Saturday, June 1

Real Life Diagnostics: An Opening in Third Person Omniscient and Present Tense. Does it Work?

Critique By Janice Hardy, @Janice_Hardy

Real Life Diagnostics is a weekly column that studies a snippet of a work in progress for specific issues. Readers are encouraged to send in work with questions, and I diagnose them on the blog. It’s part critique, part example, and designed to help the submitter as well as anyone else having a similar problem.

If you're interested in submitting to Real Life Diagnostics, please check out these guidelines.

Submissions currently in the queue: Nine

This week’s questions:

Does this work as an opening?

Am I showing the story or simply telling it?

I think this is mainstream fiction. Do you agree? If not, why not?

Is there a point of view? I am thinking everything is from the storyteller’s omnipotent perspective. Do you think I’m on the right track?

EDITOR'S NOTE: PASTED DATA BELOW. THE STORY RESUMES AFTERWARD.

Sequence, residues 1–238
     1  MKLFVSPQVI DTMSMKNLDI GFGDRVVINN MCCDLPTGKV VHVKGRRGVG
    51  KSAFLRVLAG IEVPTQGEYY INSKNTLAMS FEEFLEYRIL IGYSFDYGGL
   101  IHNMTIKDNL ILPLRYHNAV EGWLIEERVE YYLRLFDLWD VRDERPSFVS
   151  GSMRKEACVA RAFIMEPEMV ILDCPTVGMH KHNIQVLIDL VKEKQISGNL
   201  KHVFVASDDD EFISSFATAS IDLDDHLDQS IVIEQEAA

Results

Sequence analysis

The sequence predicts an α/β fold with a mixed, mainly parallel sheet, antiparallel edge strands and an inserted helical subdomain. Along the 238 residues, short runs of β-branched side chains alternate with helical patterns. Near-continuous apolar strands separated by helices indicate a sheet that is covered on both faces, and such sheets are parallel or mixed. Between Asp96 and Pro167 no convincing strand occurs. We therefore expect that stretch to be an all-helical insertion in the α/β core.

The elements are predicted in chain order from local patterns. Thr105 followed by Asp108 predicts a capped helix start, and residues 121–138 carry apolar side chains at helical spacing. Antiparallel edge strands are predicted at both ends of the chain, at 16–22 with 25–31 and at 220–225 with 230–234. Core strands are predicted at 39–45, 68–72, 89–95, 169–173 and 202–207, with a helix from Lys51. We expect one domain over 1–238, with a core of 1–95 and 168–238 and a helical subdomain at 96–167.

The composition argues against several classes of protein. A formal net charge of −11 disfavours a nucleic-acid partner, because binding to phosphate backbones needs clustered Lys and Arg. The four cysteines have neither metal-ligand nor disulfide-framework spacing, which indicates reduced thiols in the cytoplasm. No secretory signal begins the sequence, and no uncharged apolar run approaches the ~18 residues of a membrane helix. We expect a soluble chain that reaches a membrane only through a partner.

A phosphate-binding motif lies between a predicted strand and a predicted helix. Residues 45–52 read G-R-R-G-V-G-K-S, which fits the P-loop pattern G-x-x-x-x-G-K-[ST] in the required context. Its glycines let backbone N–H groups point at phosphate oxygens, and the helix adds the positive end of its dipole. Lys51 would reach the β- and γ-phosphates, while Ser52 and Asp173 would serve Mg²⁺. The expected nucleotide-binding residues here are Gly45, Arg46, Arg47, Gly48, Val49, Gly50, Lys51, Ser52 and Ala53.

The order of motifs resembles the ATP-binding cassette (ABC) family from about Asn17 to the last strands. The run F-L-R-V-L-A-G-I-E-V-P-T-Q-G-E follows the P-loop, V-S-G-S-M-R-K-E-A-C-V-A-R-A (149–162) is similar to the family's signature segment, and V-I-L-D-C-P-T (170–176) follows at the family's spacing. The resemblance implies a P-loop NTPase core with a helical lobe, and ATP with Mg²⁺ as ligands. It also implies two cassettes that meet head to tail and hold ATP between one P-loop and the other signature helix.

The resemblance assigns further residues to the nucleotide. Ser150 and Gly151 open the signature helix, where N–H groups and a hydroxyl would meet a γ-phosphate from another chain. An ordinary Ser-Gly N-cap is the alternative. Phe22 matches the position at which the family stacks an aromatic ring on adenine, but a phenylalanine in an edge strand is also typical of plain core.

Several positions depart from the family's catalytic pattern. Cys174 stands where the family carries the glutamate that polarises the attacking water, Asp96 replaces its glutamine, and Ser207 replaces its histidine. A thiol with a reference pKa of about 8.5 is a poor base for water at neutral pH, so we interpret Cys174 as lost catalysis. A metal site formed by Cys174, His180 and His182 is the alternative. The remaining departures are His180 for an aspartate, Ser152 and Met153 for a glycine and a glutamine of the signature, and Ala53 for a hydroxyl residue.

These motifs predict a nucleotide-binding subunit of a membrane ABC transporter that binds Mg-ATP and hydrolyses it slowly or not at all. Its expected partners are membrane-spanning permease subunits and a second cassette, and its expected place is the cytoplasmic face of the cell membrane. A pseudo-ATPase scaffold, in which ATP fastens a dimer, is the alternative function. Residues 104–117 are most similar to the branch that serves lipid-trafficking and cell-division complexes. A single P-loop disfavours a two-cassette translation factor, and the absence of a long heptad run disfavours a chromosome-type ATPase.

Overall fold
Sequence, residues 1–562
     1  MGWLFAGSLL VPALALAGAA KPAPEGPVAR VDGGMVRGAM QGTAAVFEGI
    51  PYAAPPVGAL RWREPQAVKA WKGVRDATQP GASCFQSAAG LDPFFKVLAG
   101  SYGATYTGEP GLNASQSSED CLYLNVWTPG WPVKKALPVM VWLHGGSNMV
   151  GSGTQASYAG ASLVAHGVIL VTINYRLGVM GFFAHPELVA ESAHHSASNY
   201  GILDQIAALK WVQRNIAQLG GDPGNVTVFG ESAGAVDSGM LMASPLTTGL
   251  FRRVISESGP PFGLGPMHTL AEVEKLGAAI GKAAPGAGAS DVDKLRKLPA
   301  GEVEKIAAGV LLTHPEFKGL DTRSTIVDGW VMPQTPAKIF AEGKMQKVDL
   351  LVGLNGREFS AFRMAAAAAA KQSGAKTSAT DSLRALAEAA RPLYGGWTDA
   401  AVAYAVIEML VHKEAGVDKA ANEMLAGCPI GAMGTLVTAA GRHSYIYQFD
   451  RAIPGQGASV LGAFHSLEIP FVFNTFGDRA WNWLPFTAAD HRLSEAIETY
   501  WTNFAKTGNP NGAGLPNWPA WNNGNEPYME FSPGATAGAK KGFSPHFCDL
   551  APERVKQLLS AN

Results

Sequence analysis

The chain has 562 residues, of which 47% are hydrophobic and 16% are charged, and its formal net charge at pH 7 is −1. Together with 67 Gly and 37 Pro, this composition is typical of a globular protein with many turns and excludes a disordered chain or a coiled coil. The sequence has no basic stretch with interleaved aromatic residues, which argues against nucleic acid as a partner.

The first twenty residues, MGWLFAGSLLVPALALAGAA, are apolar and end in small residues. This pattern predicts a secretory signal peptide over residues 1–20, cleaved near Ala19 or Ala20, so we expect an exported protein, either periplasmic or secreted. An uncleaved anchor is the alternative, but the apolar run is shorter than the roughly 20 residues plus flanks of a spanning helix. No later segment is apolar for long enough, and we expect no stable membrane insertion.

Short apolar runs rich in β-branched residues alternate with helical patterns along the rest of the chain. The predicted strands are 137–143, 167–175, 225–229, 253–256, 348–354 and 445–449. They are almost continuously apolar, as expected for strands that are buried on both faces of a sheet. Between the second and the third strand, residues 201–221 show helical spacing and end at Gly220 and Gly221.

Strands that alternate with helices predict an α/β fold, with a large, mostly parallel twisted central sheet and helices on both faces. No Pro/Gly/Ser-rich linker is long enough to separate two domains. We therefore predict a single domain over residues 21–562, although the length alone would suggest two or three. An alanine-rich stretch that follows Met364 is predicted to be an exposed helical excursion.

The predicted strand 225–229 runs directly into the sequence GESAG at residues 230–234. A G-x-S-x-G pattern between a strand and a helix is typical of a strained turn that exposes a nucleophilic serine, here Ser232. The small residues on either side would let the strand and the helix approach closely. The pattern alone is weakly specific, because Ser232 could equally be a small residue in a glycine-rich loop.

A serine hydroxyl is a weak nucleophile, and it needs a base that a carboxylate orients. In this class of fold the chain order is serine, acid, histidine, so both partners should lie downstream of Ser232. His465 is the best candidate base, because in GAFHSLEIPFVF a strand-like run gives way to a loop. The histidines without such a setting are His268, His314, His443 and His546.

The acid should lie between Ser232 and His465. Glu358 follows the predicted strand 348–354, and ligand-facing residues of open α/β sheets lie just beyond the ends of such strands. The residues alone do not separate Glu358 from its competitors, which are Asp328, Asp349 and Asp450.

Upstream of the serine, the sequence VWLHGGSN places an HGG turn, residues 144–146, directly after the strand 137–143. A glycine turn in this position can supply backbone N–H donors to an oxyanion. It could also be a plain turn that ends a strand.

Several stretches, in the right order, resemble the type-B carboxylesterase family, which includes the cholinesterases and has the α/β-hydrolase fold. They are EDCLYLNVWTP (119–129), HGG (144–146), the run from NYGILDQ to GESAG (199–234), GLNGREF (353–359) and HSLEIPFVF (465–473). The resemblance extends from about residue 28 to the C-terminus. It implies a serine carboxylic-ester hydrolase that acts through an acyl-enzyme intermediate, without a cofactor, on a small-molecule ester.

Market/Genre: Mainstream


On to the diagnosis…

Original text:

Adrift on the Pacific, Elena Reyes draws her twins, Felipe and Felipa, close. The names sounded so cute, they looked so adorable when Father Rivera baptized them. Now they shiver and whimper as the brine creeps ever deeper.

Elena whispers thanks to God for the blackness of the hold. When the storm passes and the relentless sun again permeates the planks above, the agony will be all too clear; the enervated faces of her beloved twins will again be her universe.

A slosh of rain and a haze of light enter as the hatch opens and legs descend. Not enough light to see faces, but Elena glimpses a specter-like images of her suffering companions seated in the filthy water along the hull. The ethereal images confirm her conviction the 7-year-olds cannot survive another day. Their adults are a day or two behind.